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What is a Start-up?

A start-up is formed to bring a novel company idea to life. The new idea is intended for commercial use. The company is established in the market, and then substantial considerations are devoted to earnings. Small and medium-sized enterprises (SMEs) are for profit only.

The startup is a novel concept in India and around the world. It differs from traditional business and, to some extent, mirrors it. Yes, it possesses both characteristics. A start-up is built on the principles of creativity and novelty. A start-up’s purpose is to establish a product in the market for an extended period of time.

In simple terms, a start-up is a firm that is founded on a novel idea. The term “new idea” refers to the concept of doing business in a unique way that provides the best experience for the consumer. Furthermore, it is anticipated from a start-up that the business idea not be replicated.

What is an MSME/SME?

Micro, Small to medium-sized businesses, or MSME. Historically, SMEs have operated in the service and manufacturing sectors. The primary goal of starting a business in the SME sector is to turn a profit. Small and medium-sized businesses (SME) can start turning a profit right away.

The SME firm does not take an innovative strategy; rather, it is founded on market need and the quantity of clients. Small and medium-sized enterprises (SME) are also known as small businesses, medium-sized businesses, and so on.

SME is a traditional firm that is run solely for profit. An SME firm can be a grocery store owner on your neighborhood or an entrepreneur who melts steel and makes steel kitchenware. At the same time, there are significant distinctions between start-ups and SMEs.

How they are Different from Each other:


Start-ups MSME/SME
Definition A start-up is a type of business, and a company is regarded as one for ten years after it registers. Any technology is a start-up in the field of discovery, development, processing, or commercialization of new goods or services based on intellectual property or technology. The total revenue for the fiscal year is not more than 100 crores. There are 2 companies classified as SME. Small and medium-sized businesses. At the time of lockdown, the meaning of MSME was modified. The following describes what a SME-covered enterprise is:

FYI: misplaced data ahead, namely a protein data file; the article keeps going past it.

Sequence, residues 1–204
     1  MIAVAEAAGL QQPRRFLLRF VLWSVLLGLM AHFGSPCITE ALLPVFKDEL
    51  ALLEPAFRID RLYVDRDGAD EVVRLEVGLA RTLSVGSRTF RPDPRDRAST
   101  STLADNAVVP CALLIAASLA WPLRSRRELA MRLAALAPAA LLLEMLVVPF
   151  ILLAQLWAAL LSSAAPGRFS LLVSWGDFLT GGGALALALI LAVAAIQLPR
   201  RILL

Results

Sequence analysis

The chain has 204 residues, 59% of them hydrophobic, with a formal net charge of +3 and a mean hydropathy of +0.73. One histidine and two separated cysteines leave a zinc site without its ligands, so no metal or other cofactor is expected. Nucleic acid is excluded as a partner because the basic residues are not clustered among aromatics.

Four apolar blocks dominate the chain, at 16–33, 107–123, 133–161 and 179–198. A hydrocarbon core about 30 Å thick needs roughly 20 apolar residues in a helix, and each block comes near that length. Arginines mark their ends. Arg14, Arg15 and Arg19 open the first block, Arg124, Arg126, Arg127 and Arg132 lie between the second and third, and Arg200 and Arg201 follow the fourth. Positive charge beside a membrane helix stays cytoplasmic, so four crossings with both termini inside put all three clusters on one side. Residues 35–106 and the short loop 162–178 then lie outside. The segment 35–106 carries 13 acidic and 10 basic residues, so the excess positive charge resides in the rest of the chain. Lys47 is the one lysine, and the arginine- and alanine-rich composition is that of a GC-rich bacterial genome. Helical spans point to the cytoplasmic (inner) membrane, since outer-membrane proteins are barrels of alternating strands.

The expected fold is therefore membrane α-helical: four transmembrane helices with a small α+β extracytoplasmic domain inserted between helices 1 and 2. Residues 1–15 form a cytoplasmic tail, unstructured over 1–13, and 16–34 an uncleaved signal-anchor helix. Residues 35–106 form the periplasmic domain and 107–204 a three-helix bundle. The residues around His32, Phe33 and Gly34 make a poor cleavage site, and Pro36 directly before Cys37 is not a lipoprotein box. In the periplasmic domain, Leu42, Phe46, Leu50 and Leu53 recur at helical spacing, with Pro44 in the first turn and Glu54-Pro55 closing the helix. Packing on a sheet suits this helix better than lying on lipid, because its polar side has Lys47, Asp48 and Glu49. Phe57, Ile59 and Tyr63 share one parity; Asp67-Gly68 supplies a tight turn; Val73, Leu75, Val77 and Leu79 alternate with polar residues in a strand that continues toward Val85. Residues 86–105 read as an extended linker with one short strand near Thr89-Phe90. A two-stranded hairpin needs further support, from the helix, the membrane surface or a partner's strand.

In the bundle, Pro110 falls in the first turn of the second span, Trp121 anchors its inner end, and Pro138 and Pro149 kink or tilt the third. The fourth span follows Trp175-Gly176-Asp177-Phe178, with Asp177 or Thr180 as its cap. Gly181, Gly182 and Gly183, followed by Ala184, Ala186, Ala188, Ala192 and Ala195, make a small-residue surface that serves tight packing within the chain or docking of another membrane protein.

Definition of Small Enterprise: A small unit enterprise is one with an investment of up to Rs 10 crore and an annual turnover of up to Rs 50 crore. This term applies equally to the manufacturing and service industries.

Definition of Medium Enterprise: A medium enterprise is defined as an industry with an investment of up to Rs 30 crore and an annual turnover of up to Rs 100 crore. This definition applies to both the manufacturing and service industries.

Profit A start-up is formed to bring a novel company idea to life. The new idea is intended for commercial use. The company is established in the market, and then substantial considerations are devoted to earnings. Small and medium-sized enterprises (SME) are solely for profit. SMEs might range from opening a business to establishing a medium-sized power facility. The goal of establishing all of this is for profits to begin on the first day, which is what happened.
Power As previously stated, a start-up represents a new company concept. It is an extremely labor-intensive and collaborative effort by many people. Running a start-up demands a large number of individuals to work together at the same time. This is not the case for Small and Medium-Sized Enterprises (SME). Because a SME can include both a shop and a medium-sized manufacturing. The major power is exerted here in accordance with the requirements. However, in a SME, a person can operate alone and earn earnings based on his or her needs.